Milking It: Kung Fu Panda Crunchers

Keep Westword Free
I Support
  • Local
  • Community
  • Journalism
  • logo

Support the independent voice of Denver and help keep the future of Westword free.

Kung Fu Panda Crunchers Kellogg's Rating: Two spoons out of four

Cereal description: The cereal's building blocks are actually building circles -- light tan orbs made of oat and corn flour. Think of them as Kix, or more accurately, fake Kix. These mounds are supplemented by four varieties of marshmallows: an orangey circle with a wedge sliced out of it that's supposed to be a fortune cookie but more closely resembles a gobbling Pac-Man; a green "training center" that lacks the peaked roof and delineated shape of the illustration on the box (looks like an error by the R&D department); a circular yin-yang symbol that's easily the most successful design (Eastern philosophy: an important part of a healthy breakfast!); and, disastrously, a white panda head that looks an awful lot like the crystal skull chunks in the recently reviewed Indiana Jones Chocolate Cereal with Marshmallows. Be sure to reassure the kids that these last marshmallows don't mean that Po is dead.

Box description: Kick-ass cover -- Po, voiced in the flick the cereal celebrates by Jack Black, wearing a comic yet somehow fierce expression, his leg thrust forward as if he's finally ready to teach that snippy Crane a lesson. Opposite the side panel sporting the nutrition information is more fun imagery: lessons about how to "Train Like the Kung Fu Panda Masters!" that also turn up on the side of another critique subject, Rice Krispies Treats. Kudos, also, to the back of the box, which is dominated by a game that will help breakfasters solve the "Mystery of the Missing Dumpling!" Under most circumstances, I wouldn't have the slightest interest in tracking down a missing dumpling, seeing how the first part of the word is "dump" -- not very appetizing. But the concept is clever, with the answer to the mystery printed inside the box instead of upside-down an inch from the instructions. Also excellent: twin mazes, with one showing what happens when folks "Power Up With Breakfast" (Po has plenty of energy to ride his bike) and the other revealing the horrors that come along with skipping the most important meal of the day. When Po doesn't eat, he gets tired easily, suffers hunger pangs and doesn't "feel like doing anything." I knew I loved cereal, but I had no idea it cured ennui.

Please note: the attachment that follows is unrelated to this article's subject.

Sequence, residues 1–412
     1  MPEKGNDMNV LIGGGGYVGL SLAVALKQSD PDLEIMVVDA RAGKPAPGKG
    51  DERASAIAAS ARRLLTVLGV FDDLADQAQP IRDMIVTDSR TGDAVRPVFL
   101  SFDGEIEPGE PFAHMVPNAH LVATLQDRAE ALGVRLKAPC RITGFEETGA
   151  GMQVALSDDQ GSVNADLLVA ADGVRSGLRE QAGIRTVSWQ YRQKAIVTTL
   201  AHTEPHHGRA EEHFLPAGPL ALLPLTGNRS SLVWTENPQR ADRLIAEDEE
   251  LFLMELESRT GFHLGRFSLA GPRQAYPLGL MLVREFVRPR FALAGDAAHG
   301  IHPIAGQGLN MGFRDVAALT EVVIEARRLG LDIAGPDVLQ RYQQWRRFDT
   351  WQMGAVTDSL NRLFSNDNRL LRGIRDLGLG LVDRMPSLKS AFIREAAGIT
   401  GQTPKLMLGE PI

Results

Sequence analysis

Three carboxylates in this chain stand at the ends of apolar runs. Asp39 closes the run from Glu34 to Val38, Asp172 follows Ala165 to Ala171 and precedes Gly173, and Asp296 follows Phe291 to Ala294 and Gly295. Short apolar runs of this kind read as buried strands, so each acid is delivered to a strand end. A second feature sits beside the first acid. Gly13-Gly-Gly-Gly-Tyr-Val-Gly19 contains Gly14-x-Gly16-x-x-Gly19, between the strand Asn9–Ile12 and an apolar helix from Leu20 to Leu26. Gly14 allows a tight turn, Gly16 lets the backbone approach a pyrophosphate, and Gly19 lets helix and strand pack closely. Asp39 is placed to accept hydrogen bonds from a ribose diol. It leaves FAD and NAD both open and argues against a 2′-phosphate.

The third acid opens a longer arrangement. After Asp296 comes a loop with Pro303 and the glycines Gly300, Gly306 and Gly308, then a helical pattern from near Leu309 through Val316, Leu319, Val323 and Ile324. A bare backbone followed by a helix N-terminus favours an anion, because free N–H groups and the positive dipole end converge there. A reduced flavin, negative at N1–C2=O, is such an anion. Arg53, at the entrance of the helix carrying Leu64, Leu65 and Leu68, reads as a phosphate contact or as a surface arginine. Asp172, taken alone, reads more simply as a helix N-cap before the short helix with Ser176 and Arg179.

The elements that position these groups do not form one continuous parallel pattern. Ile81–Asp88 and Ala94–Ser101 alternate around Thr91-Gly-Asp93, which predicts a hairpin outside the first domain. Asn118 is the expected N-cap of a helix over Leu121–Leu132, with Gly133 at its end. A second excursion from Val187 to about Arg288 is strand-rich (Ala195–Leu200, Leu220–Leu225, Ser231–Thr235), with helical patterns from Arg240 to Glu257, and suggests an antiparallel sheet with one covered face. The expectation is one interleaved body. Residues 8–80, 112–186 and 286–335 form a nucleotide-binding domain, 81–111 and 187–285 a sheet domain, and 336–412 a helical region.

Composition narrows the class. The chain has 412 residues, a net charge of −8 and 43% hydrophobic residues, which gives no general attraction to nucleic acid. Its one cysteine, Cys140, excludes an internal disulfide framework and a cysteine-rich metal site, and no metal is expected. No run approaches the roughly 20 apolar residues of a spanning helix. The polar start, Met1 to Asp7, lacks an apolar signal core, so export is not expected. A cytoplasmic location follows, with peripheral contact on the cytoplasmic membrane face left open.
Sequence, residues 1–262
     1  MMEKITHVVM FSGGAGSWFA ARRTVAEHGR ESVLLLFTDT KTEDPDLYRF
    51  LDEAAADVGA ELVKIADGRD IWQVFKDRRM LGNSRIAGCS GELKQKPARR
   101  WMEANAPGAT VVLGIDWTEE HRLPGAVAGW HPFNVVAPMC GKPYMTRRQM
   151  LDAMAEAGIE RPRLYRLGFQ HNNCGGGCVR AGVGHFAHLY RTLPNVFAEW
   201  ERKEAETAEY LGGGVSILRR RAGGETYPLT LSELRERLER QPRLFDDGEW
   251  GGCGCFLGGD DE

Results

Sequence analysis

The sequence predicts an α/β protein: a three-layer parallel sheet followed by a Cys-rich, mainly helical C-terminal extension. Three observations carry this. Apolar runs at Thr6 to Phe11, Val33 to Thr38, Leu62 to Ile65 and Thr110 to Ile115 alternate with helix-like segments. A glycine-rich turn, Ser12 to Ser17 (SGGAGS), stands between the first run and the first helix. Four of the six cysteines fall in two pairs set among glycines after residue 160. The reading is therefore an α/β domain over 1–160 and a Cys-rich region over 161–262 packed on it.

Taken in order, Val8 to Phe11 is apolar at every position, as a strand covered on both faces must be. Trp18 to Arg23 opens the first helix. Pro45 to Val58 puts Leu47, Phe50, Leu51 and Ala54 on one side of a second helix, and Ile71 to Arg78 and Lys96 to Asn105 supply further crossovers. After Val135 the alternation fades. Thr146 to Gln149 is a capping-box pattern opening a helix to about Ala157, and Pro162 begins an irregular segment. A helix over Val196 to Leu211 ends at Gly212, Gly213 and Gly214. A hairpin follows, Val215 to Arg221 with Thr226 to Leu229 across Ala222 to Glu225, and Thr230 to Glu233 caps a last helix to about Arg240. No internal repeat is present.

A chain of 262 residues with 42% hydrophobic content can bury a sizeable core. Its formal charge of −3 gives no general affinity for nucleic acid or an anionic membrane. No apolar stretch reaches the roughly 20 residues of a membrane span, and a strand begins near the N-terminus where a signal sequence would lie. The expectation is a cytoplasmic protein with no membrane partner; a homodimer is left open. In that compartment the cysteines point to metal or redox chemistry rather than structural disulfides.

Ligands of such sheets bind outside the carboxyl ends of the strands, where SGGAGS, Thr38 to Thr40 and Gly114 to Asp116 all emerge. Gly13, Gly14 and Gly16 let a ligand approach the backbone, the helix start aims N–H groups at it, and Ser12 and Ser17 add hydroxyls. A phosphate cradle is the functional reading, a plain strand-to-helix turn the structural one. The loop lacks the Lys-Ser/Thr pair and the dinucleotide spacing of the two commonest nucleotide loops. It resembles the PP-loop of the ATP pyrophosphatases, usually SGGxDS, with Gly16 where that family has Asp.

Taste: Here, unfortunately, is where things go awry. Even if I hadn't noticed that Kung Fu Panda Crunchers appeared in stores at roughly the same time as the aforementioned Indiana Jones cereal, I would have figured it out simply by opening the box. The concepts are virtually identifical, except that the latter includes chocolate orbs (always a good decision) and the former is stuck with the sort of pieces that are commonly described as "lightly sweetened" -- which translates to "not nearly sugary enough." Worse, Kellogg's skimped on the marshmallow volume, at least in the box I purchased. What's the deal? Is there some kind of international marshmallow shortage? Are people in other continents hoarding them? And if so, why was the box of Count Chocula I opened this morning positively overflowing with them?

Conclusion: The Kung Fu Panda movie is a lot better than the cereal. Talk about the yin and the yang. -- Michael Roberts

Keep Westword Free... Since we started Westword, it has been defined as the free, independent voice of Denver, and we would like to keep it that way. Offering our readers free access to incisive coverage of local news, food and culture. Producing stories on everything from political scandals to the hottest new bands, with gutsy reporting, stylish writing, and staffers who've won everything from the Society of Professional Journalists' Sigma Delta Chi feature-writing award to the Casey Medal for Meritorious Journalism. But with local journalism's existence under siege and advertising revenue setbacks having a larger impact, it is important now more than ever for us to rally support behind funding our local journalism. You can help by participating in our "I Support" membership program, allowing us to keep covering Denver with no paywalls.

We use cookies to collect and analyze information on site performance and usage, and to enhance and customize content and advertisements. By clicking 'X' or continuing to use the site, you agree to allow cookies to be placed. To find out more, visit our cookies policy and our privacy policy.


Join the Westword community and help support independent local journalism in Denver.


Join the Westword community and help support independent local journalism in Denver.